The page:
being free to use the %rbp register on x86 for anything other than the frame
base pointer, or having to make indirect calls in asm code through a special
macro that mitigates the Spectre vulnerability.

So yes, crypto code can sometimes be shared, but changes often do need to be
made for the kernel.

> For comparison, where can I find an explanation of how to test kernel
> crypto patches, and how fast is the develop-test cycle? Okay, I don't
> have a kernel crypto patch, but I did write a kernel patch recently that
> (I think) fixes some recent Lenovo ACPI stupidity:
> 
>    https://marc.info/?l=qubes-users&m=153308905514481
> 
> I'd propose this for review and upstream adoption _if_ it survives
> enough tests---but what's the right test procedure? I see superficial
> documentation of where to submit a patch for review, but am I really
> supposed to do this before serious testing? The patch works on my
> laptop, and several other people say it works, but obviously this is
> missing the big question of whether the patch breaks _other_ laptops.
> I see an online framework for testing, but using it looks awfully
> complicated, and the level of coverage is unclear to me. Has anyone
> tried to virtualize kernel testing---to capture hardware data from many
> machines and then centrally simulate kernels running on those machines,
> for example to check that those machines don't take certain code paths?
> I suppose that people who work with the kernel all the time would know
> what to do, but for me the lack of information was enough of a deterrent
> that I switched to doing something else.

The process for submitting Linux kernel patches is very well documented.  If
you're interested in contributing, you're welcome to read
Documentation/process/submitting-patches.rst and the other documentation.

As for testing, things are different for different parts of the kernel.  Some
parts are covered well by automated tests, others rely more on manual tests, and
others rely more on a large community running the kernel, especially -rc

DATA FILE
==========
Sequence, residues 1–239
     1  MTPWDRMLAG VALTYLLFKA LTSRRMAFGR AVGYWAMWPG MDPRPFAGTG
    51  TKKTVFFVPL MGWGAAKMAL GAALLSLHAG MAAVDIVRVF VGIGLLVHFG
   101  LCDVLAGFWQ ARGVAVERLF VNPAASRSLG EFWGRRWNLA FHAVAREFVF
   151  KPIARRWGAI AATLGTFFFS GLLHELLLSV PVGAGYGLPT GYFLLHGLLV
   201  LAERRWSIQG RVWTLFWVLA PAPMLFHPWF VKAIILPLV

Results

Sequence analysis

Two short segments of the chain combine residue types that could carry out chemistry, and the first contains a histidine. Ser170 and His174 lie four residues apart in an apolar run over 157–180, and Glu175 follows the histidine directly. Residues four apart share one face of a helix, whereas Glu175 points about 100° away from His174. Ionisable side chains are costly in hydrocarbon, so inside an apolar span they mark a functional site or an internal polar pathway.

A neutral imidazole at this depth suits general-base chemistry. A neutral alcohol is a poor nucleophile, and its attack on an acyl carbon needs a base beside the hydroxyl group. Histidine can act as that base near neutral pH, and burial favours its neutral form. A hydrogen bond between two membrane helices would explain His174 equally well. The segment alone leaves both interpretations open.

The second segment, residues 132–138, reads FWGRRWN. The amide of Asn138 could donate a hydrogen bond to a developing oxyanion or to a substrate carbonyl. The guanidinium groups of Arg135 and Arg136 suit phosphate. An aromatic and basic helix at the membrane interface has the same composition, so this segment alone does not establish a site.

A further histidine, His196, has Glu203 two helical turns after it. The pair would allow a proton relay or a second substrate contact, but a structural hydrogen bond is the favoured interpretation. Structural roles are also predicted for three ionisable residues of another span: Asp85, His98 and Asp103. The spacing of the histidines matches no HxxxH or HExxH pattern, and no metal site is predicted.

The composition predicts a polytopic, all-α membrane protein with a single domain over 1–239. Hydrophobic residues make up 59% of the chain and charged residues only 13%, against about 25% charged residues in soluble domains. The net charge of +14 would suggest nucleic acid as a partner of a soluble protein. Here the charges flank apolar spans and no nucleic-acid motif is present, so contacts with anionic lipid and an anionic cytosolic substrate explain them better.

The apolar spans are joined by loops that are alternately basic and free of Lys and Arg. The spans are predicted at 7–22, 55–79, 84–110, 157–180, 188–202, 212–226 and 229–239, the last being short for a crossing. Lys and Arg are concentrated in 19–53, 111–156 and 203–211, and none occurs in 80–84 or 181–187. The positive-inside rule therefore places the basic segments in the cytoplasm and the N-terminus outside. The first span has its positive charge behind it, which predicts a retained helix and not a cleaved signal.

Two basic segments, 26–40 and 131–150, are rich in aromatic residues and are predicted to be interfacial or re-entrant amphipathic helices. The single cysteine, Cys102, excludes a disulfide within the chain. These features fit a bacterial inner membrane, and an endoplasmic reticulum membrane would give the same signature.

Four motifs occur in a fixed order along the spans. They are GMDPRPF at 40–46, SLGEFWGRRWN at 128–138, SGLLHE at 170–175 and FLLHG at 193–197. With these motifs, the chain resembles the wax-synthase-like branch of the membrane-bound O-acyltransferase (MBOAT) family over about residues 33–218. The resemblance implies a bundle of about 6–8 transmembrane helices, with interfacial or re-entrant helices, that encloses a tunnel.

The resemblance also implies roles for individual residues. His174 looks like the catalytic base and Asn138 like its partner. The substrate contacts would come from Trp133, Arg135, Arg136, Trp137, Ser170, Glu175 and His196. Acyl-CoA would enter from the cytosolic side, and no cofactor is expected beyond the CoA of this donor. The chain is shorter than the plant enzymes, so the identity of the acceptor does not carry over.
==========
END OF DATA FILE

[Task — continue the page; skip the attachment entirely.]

(release candidate) kernels, and reporting any problems.  For the crypto API
specifically, there are correctness self-tests that are automatically run when
an option is set in the kernel .config.  Developers should always run them, but
even if they don't, other people are running them too on various hardware.

ACPI workarounds for firmware bugs are a somewhat different story...  AFAIK,
those types of patches rely on testing and review done by the developer, the
subsystem maintainters, and the broader community; as well as the community
reporting any problems they experience in -rc kernels.  Many people, such as
myself, run -rc kernels on their computer(s) and will report any problems found.
Yes, the standards of correctness for those types of things are not as high for
crypto algorithms, which is a shame; but when you're talking about hacking
around bugs in specific firmware versions in specific laptops, there's probably
not much more that can be done in practice...  So I encourage you to still send
out your ACPI patch!

Thanks,

- Eric

  reply index

Thread overview: 20+ messages / expand[flat|nested]  mbox.gz  Atom feed  top
2018-08-01  7:22 Eric Biggers
2018-08-01 17:02 ` Andy Lutomirski
2018-08-03  2:48   ` Jason A. Donenfeld
2018-08-03 21:29     ` Andy Lutomirski
2018-08-03 22:10       ` Jason A. Donenfeld
2018-08-07 18:54         ` Jason A. Donenfeld
2018-08-07 19:43           ` Andy Lutomirski
2018-08-07 23:48             ` Jason A. Donenfeld
2018-08-08  1:48               ` Andy Lutomirski
2018-08-08  1:51                 ` Jason A. Donenfeld
2018-08-09 18:08                   ` Andy Lutomirski
2018-08-03  2:33 ` Jason A. Donenfeld
2018-08-14 21:12   ` Eric Biggers
2018-08-15 16:28     ` D. J. Bernstein
2018-08-15 19:57       ` Eric Biggers
2018-08-16  4:24         ` D. J. Bernstein
2018-08-16 19:46           ` Eric Biggers [this message]
2018-08-17  7:31             ` D. J. Bernstein
2018-08-18  8:13               ` Ard Biesheuvel
2018-08-16  6:31     ` Jason A. Donenfeld